Secretary of Justice Raul Gonzalez is correct. Despite the lifting of Proclamation 1017 last March 3, the laws on sedition, inciting to sedition and libel remain in place. Gonzalez was answering questions on why the government was still monitoring the media, particularly seven print and broadcast journalists, for possible violation of Article 142–inciting to sedition–of the Revised Penal Code.

But while, as Gonzalez said, those laws remain in place, it is decision and policy makers who interpret them and other laws that have a bearing on free expression. Such laws may be interpreted according to their spirit or their letter, or liberally or restrictively.

The sedition and inciting to sedition laws have been consistently interpreted as restrictive of free expression. During the US colonial period, they were used to prosecute those who, in fighting for Philippine independence through means of expression other than arms, questioned the legitimacy of US rule in the Philippines.

Amended since then, Article 142 penalizes with six months’ imprisonment and a fine any person who, “by means of speeches, proclamations, writings, emblems, cartoons, banners, or other representations,” or who utters “seditious words or speeches, write(s), publish(es), or circulate(s) scurrilous libels against the Government (of the United States or the Government of the Commonwealth) of the Philippines, or any of the duly constituted authorities thereof…”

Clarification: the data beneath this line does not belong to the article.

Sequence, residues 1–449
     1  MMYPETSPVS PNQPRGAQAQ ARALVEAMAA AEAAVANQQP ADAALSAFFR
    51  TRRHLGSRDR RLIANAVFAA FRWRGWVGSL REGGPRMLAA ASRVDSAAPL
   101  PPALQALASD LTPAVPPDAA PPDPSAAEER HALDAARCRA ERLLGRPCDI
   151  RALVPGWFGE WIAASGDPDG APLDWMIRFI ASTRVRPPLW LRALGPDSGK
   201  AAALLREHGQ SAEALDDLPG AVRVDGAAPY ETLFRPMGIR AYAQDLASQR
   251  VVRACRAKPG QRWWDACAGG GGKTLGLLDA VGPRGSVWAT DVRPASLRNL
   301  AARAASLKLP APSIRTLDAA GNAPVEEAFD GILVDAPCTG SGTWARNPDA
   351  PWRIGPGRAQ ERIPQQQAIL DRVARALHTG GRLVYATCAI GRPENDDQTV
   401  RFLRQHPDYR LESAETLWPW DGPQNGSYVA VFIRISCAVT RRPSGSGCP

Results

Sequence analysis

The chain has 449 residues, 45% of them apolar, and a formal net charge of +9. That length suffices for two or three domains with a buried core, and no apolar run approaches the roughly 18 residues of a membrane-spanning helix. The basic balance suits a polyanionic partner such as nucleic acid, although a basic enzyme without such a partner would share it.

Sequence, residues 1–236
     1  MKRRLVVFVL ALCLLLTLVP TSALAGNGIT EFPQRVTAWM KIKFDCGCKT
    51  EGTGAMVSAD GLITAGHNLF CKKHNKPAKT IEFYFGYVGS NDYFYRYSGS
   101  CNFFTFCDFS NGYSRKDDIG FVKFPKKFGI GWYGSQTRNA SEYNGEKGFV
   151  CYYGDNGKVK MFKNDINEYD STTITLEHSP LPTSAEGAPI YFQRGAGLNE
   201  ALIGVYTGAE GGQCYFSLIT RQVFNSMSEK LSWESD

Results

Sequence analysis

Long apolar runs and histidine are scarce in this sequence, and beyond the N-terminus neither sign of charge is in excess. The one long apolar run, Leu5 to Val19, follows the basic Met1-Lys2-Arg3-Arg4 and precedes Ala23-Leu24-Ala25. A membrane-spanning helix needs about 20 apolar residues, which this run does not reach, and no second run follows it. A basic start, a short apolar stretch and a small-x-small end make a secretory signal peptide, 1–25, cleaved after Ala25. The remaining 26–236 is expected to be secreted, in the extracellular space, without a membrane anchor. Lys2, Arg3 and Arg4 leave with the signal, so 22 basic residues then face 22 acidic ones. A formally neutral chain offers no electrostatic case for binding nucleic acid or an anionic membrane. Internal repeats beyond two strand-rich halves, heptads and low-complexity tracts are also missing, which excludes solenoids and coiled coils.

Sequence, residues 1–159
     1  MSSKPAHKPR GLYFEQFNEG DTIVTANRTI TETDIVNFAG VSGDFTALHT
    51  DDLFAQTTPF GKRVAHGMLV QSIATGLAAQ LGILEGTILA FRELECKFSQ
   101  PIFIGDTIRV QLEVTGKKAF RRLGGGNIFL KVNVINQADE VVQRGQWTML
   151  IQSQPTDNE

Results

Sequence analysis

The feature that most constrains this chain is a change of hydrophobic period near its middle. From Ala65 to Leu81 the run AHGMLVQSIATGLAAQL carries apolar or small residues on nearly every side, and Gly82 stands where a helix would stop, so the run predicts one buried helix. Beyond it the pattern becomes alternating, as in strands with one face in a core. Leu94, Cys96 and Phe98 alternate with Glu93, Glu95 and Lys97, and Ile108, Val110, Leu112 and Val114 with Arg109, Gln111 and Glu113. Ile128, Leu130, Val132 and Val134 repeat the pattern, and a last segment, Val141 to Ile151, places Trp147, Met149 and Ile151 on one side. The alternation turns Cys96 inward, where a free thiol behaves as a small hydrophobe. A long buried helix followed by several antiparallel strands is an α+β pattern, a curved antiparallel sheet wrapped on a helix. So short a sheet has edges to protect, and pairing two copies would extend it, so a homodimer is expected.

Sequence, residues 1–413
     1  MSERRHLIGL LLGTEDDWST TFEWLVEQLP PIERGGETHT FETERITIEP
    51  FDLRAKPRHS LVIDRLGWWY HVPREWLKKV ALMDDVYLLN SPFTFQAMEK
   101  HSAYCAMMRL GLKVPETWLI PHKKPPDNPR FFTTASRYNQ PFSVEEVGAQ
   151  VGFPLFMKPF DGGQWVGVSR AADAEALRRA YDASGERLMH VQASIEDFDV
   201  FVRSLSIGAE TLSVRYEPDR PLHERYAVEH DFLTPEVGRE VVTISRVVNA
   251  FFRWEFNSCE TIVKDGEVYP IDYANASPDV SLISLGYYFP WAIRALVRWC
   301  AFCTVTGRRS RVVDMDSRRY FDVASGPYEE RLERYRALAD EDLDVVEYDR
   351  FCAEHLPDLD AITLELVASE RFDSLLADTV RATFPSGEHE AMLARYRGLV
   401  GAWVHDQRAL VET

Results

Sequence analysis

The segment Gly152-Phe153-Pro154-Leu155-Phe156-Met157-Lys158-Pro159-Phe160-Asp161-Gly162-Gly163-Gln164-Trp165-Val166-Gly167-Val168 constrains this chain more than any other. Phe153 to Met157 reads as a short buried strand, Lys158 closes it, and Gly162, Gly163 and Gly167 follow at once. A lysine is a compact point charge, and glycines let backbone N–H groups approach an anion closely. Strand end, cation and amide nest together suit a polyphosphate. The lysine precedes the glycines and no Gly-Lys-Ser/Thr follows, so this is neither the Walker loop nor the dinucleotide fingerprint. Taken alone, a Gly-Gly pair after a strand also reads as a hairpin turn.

Inciting to sedition “utterances” include those “which tend to disturb or obstruct any lawful officer in executing the functions of his office, or which tend to instigate others to cabal and meet together for unlawful purposes, or which suggest or incite rebellious conspiracies or riots, or which lead or tend to stir up the people against the lawful authorities or to disturb the peace of the community, the safety and order of the Government, or who shall knowingly conceal such evil practices.”

Together with the laws on sedition and libel, Article 142 is obviously a constraint on free expression in general. Governments argue that such laws are necessary to prevent the abuse of free expression. The libel law, for example, prevents media practitioners and other individuals from ridiculing and/or damaging the reputations of others, while the inciting to sedition law would insure that free expression is not used to sow chaos.